Political consultants’ role in Hawley’s AG office raise concerns
Missouri Secretary of State Jay Ashcroft has launched an investigation into a complaint that Missouri Attorney General Josh Hawley used public resources in his successful bid for the U.S. Senate.
The American Democracy Legal Fund on Nov. 2 filed a complaint with Ashcroft, claiming that Hawley used out-of-state political consultants to direct the activities of public employees in the attorney general’s office to raise Hawley’s political profile as he prepared to mount a campaign for U.S. Senate.
“Josh Hawley’s flagrant abuse of his taxpayer funded office for his own political gain deserves immediate investigation,” said Brad Woodhouse, ADLF president, in a statement. “We’re heartened to see Secretary of State Ashcroft give this racket further scrutiny.”
Hawley’s office said they welcomed the investigation.
“We are delighted to cooperate with the Secretary of State’s Office and put these ridiculous allegations to bed once and for all,” said Mary Compton, a spokeswoman for the Missouri Attorney General’s office. “These allegations are totally meritless and nothing more than a partisan attempt to slander the work of the Attorney General’s Office. As we have said before, no taxpayer resources were ever expended for campaign purposes. And no government employees ever participated in campaign or political activities.”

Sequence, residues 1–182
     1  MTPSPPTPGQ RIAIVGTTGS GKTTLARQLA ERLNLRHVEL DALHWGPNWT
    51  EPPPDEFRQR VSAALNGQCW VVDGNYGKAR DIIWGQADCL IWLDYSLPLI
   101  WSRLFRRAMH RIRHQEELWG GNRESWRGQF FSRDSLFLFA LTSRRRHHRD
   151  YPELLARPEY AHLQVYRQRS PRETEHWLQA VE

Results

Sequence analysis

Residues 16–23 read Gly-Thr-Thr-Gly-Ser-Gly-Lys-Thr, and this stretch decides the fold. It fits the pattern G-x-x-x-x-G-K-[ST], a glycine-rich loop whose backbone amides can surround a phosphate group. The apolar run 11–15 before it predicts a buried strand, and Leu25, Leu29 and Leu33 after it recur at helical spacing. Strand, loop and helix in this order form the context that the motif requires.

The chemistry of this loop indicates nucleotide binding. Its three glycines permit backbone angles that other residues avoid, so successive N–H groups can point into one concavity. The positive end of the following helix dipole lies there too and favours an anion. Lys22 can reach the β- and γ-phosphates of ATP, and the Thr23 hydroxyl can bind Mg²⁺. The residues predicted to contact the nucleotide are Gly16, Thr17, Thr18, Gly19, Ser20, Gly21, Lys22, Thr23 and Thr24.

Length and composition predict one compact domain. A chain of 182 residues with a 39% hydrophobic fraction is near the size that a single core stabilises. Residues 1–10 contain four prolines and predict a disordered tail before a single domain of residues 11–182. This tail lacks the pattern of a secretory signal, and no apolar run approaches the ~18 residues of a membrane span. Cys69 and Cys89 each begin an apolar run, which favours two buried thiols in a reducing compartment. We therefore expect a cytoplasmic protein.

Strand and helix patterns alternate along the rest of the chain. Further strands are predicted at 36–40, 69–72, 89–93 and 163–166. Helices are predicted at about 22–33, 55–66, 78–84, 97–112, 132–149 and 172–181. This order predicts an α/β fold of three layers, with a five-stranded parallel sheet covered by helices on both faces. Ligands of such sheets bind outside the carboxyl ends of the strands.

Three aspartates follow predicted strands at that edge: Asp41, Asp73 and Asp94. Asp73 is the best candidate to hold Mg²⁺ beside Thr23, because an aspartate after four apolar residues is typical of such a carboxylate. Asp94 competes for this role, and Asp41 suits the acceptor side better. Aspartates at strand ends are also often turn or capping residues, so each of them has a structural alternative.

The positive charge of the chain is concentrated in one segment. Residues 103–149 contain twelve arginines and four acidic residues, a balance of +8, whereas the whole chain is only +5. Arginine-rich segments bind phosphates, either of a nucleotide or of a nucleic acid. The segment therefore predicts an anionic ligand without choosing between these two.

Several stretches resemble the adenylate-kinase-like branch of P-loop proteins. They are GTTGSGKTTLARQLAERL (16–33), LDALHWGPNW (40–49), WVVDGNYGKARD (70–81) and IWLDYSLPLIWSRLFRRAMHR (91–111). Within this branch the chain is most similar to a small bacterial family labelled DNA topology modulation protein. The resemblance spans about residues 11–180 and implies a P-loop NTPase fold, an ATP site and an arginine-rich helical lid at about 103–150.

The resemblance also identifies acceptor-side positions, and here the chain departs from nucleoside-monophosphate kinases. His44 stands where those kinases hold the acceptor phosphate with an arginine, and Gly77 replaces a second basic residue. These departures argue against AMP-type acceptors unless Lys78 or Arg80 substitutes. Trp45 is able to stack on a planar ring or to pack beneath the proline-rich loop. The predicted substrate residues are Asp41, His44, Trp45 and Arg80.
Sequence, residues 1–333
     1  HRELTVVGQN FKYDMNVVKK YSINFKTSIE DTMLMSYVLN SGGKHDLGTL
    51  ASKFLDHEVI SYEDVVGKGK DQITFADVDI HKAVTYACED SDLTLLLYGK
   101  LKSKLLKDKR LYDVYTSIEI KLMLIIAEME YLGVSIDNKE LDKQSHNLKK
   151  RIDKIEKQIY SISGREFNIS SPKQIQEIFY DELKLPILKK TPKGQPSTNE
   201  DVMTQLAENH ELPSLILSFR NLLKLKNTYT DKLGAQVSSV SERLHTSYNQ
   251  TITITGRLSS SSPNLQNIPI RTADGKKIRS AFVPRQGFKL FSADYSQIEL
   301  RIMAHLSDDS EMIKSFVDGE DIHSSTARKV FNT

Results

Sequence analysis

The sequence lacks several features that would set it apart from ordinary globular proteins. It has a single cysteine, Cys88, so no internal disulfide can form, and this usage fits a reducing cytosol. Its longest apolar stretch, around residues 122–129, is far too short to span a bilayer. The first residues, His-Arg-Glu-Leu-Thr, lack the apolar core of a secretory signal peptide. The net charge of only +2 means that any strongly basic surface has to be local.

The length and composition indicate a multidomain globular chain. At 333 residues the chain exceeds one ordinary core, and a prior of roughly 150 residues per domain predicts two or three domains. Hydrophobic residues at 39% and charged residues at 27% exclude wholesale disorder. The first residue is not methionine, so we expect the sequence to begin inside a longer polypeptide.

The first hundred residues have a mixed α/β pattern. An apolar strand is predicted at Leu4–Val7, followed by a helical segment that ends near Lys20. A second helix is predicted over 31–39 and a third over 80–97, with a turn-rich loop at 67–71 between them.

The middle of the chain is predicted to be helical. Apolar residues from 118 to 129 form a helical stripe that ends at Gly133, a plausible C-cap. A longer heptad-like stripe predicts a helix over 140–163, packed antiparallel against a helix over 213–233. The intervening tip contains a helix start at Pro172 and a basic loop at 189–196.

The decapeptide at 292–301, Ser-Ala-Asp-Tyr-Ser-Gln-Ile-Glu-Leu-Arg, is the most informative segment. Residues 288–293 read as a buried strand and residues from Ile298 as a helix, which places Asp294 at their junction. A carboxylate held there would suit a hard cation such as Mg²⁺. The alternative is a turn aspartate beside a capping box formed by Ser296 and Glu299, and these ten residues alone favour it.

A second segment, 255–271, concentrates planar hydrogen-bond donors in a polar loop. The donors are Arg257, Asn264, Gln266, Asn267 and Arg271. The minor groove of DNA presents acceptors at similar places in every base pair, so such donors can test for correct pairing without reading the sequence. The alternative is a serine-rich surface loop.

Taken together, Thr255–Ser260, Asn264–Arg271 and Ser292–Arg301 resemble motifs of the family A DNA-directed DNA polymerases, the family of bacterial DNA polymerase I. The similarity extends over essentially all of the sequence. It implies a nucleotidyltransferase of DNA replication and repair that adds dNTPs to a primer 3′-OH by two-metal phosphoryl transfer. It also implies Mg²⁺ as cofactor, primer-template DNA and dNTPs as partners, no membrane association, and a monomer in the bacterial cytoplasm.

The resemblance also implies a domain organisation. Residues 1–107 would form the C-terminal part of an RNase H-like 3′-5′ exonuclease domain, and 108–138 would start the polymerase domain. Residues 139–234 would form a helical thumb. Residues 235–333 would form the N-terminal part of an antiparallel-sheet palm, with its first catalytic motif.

Ashcroft and Hawley are both Republicans.
The complaint from ALDF, a Democratic group, was based largely on reporting by The Star, which in an Oct. 31 article detailed how political consultants steered the attorney general’s office under Hawley’s watch. The Star obtained emails, text messages and other records showing that Timmy Teepell and Gail Gitcho, political consultants from Louisiana and Massachusetts, exerted influence in the attorney general’s office to the point that some staff became uncertain about the chain of command in the office.
The article also detailed how Hawley, with the help of his consultants, sought to raise his political profile, a stark contrast to his message during his 2016 campaign for attorney general that he was not another ladder-climbing politican continually trying to reach higher office.
“This constitutes a misuse of public funds,” the American Democracy Legal Fund’s complaint says.
Hawley defeated Democratic incumbent Claire McCaskill on Nov. 6
The Star has obtained a copy of a letter sent by Ashcroft’s office to the American Democracy Legal Fund, confirming the investigation and requesting copies of any documents or any first-hand knowledge the organization had to support its complaint against Hawley.
Ashcroft’s office has authority to investigate election-related offenses but lacks subpoena power, according to an email that Ashcroft’s office sent to The Star last month.
McClatchy D.C.’s Bryan Lowry contributed to this report.